Wild Awake

The Great Reskilling

Not so long ago our people knew how to weave cloth, bake bread, build shelter, forge tools, and grow food. Goods were crafted with care and skill, treasured and re-used. Services were honored and respected. People took pride in their abilities. Practical skills were prized and passed on. Self-reliance was commonplace, and our communities were robust and resilient, thanks to the artisans that lived and worked there.

With the advent of consumer culture, simple skills that were once taken for granted have all but disappeared. In the words of social psychologist Eric Fromm: “Today, consumption is emphasized, not preservation, and buying has become ‘throw-away’ buying. Whether the object one buys is a car, a dress, a gadget, after using it for some time one gets tired of it and is eager to dispose of the ‘old’ and buy the latest model.” The consequence of this, aside from the waste, is a tremendous loss of skills.

This much we know: we live in turbulent times. The future is uncertain and our communities are vulnerable. Runaway climate change. The 6th Great Extinction. Peak Oil. Economic instability. Pollution. Poverty. Political unrest. Given this dire situation, what can we do to prepare?

One positive action we can take together, is to relearn the skills of our ancestors. In the Transition Movement, we call this “the Great Reskilling”. Essentially this is a reversal of the great deskilling that has taken place over the last two hundred years.

Transition Communities across the world have started to organize reskilling events, as part of their core activities. Some of these are stand-alone workshops, others have launched festivals and folk schools.

The topics covered at reskilling events are diverse. They include: energy conservation, consensus decision making, backyard chickens, bicycle maintenance, carpentry, composting, fiber arts, food growing and preservation, seed saving, grey water and rain catchment, natural building, local economics, tool repair, herbal medicine, water heating, solar cooking, fishing, and more. The list is endless.

When organizing a reskilling event, a good place to start is to make an assessment of what skills are absent in your community. You can then look to see who in the community has one or more skills they would be willing to share, or what you might be willing to offer yourself. The truth is, we all have something to offer, a skill or service that others can benefit from. And we can all benefit from learning something new.

Reskilling is a powerful process on many levels. It’s so much more than individuals learning new “old” skills. It’s about people reclaiming their personal power to solve their own problems. People who have a wide range of everyday skills, are competent and confident. They know they are capable of turning their hand to any number of tasks. They have the personal resilience required to deal effectively with uncertainty and change.

Reskilling is also about people learning to co-operate and collaborate with other people. It brings people together, and builds relationships of trust and solidarity that can last through times of adversity.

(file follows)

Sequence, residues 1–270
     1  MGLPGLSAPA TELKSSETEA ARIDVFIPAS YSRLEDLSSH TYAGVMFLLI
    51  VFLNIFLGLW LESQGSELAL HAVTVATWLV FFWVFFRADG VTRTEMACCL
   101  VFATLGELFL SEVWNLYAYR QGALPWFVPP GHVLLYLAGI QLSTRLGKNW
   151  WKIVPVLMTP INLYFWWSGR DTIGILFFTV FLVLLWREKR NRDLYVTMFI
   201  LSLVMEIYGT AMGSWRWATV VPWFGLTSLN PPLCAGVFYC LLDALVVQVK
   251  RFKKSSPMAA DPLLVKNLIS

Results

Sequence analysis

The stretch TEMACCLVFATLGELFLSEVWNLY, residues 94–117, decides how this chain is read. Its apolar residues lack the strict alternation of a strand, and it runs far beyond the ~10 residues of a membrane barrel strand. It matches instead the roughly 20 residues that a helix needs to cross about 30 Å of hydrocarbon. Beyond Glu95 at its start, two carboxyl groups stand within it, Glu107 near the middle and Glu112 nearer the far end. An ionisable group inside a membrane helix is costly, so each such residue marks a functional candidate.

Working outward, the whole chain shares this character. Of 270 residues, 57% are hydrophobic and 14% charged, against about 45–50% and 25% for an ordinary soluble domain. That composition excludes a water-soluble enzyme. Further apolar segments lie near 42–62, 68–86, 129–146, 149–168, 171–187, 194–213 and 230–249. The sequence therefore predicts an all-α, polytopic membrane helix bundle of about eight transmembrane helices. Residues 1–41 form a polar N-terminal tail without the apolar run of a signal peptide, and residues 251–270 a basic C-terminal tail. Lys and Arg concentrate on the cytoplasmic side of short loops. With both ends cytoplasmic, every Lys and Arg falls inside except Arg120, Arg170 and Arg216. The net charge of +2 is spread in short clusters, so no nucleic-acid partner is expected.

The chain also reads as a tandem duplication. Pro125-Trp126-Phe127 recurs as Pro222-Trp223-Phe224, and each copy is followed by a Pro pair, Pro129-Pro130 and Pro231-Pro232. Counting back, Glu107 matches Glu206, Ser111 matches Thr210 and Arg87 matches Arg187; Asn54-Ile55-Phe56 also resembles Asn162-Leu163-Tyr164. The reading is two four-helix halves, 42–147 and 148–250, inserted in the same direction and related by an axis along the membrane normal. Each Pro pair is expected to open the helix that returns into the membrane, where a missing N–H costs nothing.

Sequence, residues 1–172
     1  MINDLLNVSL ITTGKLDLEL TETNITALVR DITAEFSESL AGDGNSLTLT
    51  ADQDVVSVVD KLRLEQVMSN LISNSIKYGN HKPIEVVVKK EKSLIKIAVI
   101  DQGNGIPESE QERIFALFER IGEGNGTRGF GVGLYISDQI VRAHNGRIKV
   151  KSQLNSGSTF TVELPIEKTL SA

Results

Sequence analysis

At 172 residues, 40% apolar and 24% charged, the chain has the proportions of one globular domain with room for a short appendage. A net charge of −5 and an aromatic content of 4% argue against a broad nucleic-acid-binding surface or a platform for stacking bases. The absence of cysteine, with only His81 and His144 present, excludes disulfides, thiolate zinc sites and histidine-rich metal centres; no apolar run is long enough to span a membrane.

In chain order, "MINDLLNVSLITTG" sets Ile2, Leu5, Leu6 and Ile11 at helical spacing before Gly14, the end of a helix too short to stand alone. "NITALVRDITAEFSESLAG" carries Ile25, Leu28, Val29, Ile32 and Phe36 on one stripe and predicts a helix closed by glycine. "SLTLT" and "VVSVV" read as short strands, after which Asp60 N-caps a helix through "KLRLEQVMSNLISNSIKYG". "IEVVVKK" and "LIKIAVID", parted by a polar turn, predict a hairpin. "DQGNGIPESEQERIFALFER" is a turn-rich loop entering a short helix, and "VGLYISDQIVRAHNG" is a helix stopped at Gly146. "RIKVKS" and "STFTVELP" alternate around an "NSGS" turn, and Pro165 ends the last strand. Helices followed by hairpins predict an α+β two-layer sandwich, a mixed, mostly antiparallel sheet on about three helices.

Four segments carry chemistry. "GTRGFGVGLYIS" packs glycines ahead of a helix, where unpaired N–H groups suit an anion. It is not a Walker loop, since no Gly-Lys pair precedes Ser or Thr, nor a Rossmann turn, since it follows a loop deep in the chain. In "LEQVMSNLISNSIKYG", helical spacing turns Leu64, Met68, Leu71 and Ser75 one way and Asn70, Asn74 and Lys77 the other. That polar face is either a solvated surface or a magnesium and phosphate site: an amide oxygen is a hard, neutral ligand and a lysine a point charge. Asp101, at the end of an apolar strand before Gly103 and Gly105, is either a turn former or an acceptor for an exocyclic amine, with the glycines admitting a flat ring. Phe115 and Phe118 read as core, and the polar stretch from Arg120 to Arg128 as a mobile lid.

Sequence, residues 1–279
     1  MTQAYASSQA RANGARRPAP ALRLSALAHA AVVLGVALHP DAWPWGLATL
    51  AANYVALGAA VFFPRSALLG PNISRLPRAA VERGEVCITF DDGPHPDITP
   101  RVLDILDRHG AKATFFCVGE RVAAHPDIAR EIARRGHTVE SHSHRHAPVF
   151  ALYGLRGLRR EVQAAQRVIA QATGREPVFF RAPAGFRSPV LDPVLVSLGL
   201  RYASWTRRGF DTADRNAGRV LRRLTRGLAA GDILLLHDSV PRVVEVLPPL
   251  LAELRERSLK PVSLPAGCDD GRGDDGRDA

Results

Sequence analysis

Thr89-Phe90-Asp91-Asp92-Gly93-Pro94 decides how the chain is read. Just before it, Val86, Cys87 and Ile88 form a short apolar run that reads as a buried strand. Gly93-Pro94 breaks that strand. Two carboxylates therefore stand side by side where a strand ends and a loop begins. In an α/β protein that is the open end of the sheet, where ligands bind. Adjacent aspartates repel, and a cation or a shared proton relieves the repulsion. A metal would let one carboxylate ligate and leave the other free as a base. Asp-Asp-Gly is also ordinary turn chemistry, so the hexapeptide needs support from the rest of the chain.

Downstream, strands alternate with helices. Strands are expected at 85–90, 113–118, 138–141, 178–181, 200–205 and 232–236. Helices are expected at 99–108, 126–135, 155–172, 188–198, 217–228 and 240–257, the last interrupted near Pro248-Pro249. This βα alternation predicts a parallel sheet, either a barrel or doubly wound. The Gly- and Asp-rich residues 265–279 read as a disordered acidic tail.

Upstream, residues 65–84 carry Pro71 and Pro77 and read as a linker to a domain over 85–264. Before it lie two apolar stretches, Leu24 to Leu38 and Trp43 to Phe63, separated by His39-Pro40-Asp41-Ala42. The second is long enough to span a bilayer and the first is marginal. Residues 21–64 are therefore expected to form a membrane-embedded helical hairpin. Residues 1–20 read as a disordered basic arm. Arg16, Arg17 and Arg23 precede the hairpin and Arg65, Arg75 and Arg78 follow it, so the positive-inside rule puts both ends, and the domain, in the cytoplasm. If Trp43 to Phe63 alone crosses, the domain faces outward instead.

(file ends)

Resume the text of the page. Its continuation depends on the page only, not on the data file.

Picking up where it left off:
Finally, reskilling strengthens the local economy. A community that is able to provide for its basic goods and services locally, is more able to weather economic shocks from the outside, and is therefore more resilient to change. Relocalization of our community core needs, is the bedrock of long-term sustainability.

In my community in West Marin we’re fortunate to have many resident artisans who know how to live simply and sustainably, in balance with the land. Our local food shed is strong, and we also have a local fiber shed movement. We have the Regenerative Design Institute offering Reskilling Classes in fiber arts, herbs and healing, cooking and growing food.

Our community is strong. But we need more. We need to find ways to bring our elders together with the youth, to share skills and learning across the generations, before they are lost. We need to bridge the gap between the privileged and the wealthy (who are used to buying things in) and the disadvantaged and those with low income (who are used to being resourceful and living with less). We urgently need our education systems to teach practical skills of self-reliance in their core curriculum, so that our youth are empowered with a positive “can do” attitude that the coming years will demand.

It is imperative that we increase and diversify our skill set to prepare for the future. Reskilling needs to be the number one priority in our lives. It also needs to be fun, affordable and accessible. We have all the skills and ingenuity we need right here in our communities, but we need to take this effort to a whole new level.

There are big challenges ahead. Yet there is still time to turn things around. Let’s take action together. Share your skills. Learn something new. Organize a reskilling event in your community. Be part of the Great Transition.

1 Comment

  1. Maureen

    I would like to learn more about reskilling events


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